Healthy Learners

Healthy Learners

Improve school-aged children’s health and educational outcomes

Lesson Learned:

In parts of the world with limited healthcare infrastructure, school-based programs that engage teachers can increase access to basic healthcare and help prevent absenteeism due to preventable sickness. Such programs can serve as a model for government support.  

Zambia has one of the youngest populations in its region and globally: according to UNICEF, 53.4% of its population is under the age of 18 and the estimated median age is only 16.7.[1] But the lack of healthcare infrastructure makes it difficult for schoolchildren to access basic healthcare. For example, even when there is a healthcare clinic, wait times can be long, causing children to have to miss school to receive care.

Healthy Learners makes preventative and curative healthcare more accessible to school-aged children by moving the access point for care to schools.

“The school health program is going on very well and has helped the learners to access medical services. Previously, when learners fell sick at school, they were sent home. Now, with the establishment of the health room and school health teacher training, children get quick help from the health facility. This has helped the learners regularly attend school, and as such, we have experienced a reduction in absenteeism. This is good for our school.”  

Pauline Ngalande, School Health Worker  

“Learners are happy with the program and want it to continue. In the past, we had a lot of girls stay away from school due to menstrual problems, but now that we have a health room and first aid kits, we are able to help the girls. Now, they do not miss class.”  

– Lucky Mukwasa, School Health Worker  

What It Does

Founded in Zambia in 2015, Healthy Learners trains teachers as community health workers to screen, counsel, and provide basic care for the children in their schools. The organization partners with local clinics to train six to ten teachers per school it serves through an intensive two-week program. These teachers, or School Health Workers (SHWs), monitor student health, coordinate with local clinics, provide preventative care, and deliver “health talks” in all classes.

Using a mobile application on provided tablets, when a child is sick, SHWs clinically assess and provide responsive, automated age- and weight-specific treatment plans and follow-up recommendations aligned with World Health Organization guidelines. When an SHW cannot provide the required level of care, the student is referred and fast-tracked for care at a local government clinic. SHWs also provide preventative care, such as deworming and vitamin A supplementation, to all students on a regular schedule.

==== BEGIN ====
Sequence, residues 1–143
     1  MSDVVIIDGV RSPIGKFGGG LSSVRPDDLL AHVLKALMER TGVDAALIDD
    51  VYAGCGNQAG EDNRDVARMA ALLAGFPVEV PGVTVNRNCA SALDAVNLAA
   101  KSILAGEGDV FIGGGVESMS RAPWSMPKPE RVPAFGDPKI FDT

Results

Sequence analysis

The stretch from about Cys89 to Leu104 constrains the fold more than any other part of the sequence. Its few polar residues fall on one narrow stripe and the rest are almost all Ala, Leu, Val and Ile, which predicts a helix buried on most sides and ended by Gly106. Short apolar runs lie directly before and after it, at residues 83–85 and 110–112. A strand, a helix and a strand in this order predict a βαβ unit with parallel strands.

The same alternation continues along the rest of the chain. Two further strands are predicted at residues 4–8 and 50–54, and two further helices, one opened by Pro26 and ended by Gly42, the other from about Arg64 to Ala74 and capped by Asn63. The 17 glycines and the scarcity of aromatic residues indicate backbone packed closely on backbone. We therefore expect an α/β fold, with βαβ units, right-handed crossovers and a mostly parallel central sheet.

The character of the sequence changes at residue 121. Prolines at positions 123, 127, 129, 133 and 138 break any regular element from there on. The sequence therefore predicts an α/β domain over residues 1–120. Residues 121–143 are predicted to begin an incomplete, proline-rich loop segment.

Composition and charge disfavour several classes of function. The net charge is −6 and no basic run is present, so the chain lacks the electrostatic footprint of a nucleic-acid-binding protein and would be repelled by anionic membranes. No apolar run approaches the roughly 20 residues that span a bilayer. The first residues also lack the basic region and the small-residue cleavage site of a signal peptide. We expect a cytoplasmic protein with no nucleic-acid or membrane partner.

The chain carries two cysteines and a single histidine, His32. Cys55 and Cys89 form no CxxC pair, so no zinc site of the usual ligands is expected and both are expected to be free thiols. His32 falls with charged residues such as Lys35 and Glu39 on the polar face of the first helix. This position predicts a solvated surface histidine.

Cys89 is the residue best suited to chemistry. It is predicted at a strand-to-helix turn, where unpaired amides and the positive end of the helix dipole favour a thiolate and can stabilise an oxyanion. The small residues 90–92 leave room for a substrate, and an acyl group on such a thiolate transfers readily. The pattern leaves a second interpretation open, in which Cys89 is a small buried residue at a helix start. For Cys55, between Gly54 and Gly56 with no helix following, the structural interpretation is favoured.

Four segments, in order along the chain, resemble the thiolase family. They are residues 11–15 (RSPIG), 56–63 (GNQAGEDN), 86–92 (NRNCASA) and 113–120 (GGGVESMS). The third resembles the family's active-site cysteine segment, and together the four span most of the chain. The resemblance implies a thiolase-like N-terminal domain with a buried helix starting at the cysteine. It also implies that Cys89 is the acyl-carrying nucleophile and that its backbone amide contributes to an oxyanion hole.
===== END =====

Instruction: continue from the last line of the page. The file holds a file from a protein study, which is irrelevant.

Healthy Learners also gives health talks and teaches faculty members how to do so. Because SHWs collect data on the health of the children in their schools through the app, Healthy Learners provides a curriculum tailored to local disease trends and can identify outbreaks as they happen.

Healthy Learners has served over 830,000 students — about 25% of Zambia’s public primary school population. In 2022, it signed a Memorandum of Understanding with the Zambian Ministries of Health and Education to scale the program nationally over the next three years.

How effective It Is

In a matched control study, Healthy Learners increased the proportion of students receiving deworming by 48% and vitamin A supplementation by 47% compared to a control group. Communities served by SHWs have seen a significant decrease in endemic infections.[2] For example, one township the organization analyzed had a 60% reduction in schistosomiasis, a disease caused by parasitic worms that can cause children to develop anemia, malnutrition, and learning difficulties.[3]

For an annual cost of $1.51 per student, less than 1% of what Zambia’s Ministry of Education spends per primary school student, Healthy Learners increases access to essential prevention and treatment services, with decreased absenteeism at nearly all partner schools.

How philanthropy helps

Healthy Learners receives 90% of its funding from philanthropic sources, with the rest from the Zambian government. Philanthropic support covers training and paying teachers; constructing health rooms on school campuses; and purchasing the tablets and technology that is used by the teachers. Learn more at

More ways to help

Lwala Community Alliance uses a community health model to improve child and maternal health outcomes in Lwala, Kenya. VillageReach supports community health workers in sub-Saharan Africa with essential communication and supply chain logistics. Yamba Malawi reduces child poverty in Malawi by supporting the households of their caregivers.  

For more on community-based health initiatives, see our Community-Based Approaches to Health guidance. 


[1] UNICEF. (n.d.). Children in Zambia | UNICEF Zambia. Retrieved June 21, 2023, from

[2] Wei, D., Brigell, R., Khadka, A., Perales, N., & Fink, G. (2019). Comprehensive school-based health programs to improve child and adolescent health: Evidence from Zambia. PLoS ONE, 14(5), e0217893.

[3] Centers for Disease Control and Prevention. (2020, September 18). CDC – Schistosomiasis—FAQs.